Maven / by Maia Kaufman

I'm trying to keep up with at least one thesis activity a week. Today I talked to Rafi Syed, COO of Maven Clinic, a telemedicine company focusing on women's health. I learned some very interesting things from him.

  • First, my initial thought that someone practicing telemedicine in New York to a woman in Texas was wrong- even in telemedicine, you can only work with a patient in the state you are based in.
  • Second, there are still limitations to how far telemedicine can go with lack of available diagnostic tools (such as the forthcoming Apple Healthkit App).
  • Third, the whole point of telemedicine is for women who don't have time to go to a specific place or set up an appointment, which if I offer a clinic with telemedicine capabilities in this store, might have just the same issues as a normal clinic.

The good news came from when I asked him about why they focused on women's health. He said that there's both a lot of good things going on right now in regards to women's health, but also a bit of a lack in terms of what's available for customers. Maven was recently awarded $2.2M in seed money, so there is definite interest to see more products designed around women's health. 

This all lead me to the realization that I don't think telemedicine is right for this particular idea. I think it would be great down the line to potentially partner with a company like Maven. The idea is to give women the most access and correct information as possible.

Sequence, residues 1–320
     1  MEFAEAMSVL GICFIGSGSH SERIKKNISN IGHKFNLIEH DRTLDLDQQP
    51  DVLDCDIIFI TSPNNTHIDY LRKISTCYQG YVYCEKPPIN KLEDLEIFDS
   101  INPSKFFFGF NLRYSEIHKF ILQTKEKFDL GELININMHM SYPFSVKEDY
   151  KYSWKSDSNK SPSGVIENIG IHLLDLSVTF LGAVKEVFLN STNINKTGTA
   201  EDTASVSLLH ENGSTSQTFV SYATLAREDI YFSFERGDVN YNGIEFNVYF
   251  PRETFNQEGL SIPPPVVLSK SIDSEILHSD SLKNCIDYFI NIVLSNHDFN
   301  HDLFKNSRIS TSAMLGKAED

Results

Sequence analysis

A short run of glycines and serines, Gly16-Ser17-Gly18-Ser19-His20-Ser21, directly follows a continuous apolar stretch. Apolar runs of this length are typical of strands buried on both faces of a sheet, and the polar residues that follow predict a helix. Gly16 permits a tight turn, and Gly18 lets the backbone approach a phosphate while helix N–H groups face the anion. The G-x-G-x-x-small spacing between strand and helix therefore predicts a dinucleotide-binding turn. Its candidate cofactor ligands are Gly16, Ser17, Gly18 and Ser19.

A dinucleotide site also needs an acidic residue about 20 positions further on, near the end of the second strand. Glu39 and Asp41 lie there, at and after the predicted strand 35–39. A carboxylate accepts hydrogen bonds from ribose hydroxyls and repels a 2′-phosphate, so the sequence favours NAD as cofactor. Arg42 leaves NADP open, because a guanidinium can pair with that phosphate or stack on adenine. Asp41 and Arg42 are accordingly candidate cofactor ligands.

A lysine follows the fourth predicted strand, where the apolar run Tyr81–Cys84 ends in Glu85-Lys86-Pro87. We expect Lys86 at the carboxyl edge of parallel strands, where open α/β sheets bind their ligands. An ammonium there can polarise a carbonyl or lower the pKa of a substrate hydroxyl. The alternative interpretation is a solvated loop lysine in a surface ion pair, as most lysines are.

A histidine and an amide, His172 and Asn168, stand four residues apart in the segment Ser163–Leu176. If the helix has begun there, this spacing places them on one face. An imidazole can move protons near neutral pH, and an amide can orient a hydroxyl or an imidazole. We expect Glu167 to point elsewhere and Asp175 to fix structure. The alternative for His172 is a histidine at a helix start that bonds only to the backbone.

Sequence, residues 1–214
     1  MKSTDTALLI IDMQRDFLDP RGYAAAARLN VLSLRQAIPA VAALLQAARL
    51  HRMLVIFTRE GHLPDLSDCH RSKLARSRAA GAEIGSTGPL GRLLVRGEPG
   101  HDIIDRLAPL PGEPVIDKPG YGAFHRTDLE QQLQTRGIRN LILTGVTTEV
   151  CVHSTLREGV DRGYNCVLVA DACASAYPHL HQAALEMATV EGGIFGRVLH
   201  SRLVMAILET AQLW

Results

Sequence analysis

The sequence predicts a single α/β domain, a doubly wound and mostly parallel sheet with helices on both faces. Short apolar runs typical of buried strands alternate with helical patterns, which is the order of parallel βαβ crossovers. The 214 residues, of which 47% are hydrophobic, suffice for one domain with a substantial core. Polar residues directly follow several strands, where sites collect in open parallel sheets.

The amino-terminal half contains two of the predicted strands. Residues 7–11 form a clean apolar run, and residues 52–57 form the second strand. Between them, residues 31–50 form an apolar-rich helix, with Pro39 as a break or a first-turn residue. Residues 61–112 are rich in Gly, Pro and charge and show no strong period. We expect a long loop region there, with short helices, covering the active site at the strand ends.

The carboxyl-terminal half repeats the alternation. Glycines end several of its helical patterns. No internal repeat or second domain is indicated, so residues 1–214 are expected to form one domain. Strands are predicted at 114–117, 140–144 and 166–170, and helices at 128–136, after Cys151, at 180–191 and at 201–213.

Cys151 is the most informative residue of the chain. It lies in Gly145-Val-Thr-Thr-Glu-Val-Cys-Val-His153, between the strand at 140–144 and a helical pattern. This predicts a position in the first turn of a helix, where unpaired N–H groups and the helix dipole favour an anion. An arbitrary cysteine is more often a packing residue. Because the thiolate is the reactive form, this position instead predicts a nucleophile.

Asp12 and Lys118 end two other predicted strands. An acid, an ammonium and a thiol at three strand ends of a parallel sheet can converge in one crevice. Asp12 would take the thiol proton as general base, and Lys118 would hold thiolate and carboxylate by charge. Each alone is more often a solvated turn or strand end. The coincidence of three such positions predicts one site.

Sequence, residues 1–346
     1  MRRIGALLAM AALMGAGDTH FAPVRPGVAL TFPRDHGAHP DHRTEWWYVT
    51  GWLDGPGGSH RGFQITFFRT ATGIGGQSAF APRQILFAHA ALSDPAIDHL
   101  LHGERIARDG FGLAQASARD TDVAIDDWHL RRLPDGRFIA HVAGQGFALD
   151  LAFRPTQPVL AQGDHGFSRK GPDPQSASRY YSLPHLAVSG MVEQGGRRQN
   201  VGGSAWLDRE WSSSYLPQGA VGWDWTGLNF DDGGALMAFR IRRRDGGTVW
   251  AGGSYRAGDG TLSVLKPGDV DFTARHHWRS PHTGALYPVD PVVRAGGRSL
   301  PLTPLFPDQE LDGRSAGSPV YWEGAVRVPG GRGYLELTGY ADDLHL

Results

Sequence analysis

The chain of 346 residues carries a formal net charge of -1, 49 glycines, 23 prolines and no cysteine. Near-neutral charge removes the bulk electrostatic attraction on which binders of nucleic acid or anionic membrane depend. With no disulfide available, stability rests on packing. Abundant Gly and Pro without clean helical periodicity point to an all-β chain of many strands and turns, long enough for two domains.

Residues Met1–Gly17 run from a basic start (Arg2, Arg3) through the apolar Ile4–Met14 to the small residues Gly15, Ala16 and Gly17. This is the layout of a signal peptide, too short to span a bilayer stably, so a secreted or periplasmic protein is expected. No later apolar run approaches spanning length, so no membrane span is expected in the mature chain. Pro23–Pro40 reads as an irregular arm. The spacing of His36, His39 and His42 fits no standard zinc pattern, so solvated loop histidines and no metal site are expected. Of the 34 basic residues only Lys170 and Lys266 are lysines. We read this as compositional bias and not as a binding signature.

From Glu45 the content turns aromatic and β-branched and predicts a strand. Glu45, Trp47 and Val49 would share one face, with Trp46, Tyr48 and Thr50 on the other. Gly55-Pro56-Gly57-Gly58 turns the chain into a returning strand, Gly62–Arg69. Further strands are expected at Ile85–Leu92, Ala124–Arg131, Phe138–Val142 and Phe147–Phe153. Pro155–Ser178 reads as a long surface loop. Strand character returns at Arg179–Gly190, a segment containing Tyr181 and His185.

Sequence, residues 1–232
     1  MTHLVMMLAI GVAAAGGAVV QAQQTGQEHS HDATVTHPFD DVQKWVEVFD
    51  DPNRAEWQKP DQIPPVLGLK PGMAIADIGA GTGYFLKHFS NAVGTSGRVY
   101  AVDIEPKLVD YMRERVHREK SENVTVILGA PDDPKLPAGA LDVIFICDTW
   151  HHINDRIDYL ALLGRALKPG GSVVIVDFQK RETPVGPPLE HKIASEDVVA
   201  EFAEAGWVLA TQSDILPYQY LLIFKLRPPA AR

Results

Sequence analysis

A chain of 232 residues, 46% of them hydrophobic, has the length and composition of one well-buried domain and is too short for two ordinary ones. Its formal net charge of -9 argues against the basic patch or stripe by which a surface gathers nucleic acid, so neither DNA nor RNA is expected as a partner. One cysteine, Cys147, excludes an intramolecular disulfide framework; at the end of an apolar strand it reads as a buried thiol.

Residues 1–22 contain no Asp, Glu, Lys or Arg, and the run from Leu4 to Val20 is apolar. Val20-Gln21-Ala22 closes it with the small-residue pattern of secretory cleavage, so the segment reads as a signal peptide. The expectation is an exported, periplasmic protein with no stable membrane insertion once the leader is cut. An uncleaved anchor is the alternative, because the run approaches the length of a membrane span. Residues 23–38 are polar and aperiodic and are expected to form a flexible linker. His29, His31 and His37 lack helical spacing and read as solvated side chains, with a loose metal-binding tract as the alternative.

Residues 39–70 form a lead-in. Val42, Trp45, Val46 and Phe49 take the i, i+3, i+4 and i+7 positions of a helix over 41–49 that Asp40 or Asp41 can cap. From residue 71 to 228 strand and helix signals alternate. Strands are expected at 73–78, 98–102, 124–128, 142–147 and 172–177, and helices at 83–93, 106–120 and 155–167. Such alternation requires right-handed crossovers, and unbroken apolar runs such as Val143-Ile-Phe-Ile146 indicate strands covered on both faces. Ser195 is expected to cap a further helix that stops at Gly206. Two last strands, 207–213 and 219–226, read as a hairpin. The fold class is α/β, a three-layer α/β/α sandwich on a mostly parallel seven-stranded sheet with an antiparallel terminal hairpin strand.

I asked Rafi about how their plan for "Red States" where women's health is being highly regulated. They are passionate about providing quality care to women but still have to work within the states' laws. He mentioned that many states don't recognize telemedicine or even necessarily nurse practitioners for legal healthcare.

I heard this last part as an opportunity. If the laws are targeting women and women's health clinics, then perhaps if I have a for-profit model with only pharmacists and registered nurses, then I would be able to get around some of these laws. The store wouldn't be a place where any procedures can take place, but women can get accurate information before going to doctors who may be legally required to tell patients things that are not scientifically proven and can be dangerous.

So, taking a step back, and thinking of this as more of a communication device and how I can use that to my advantage.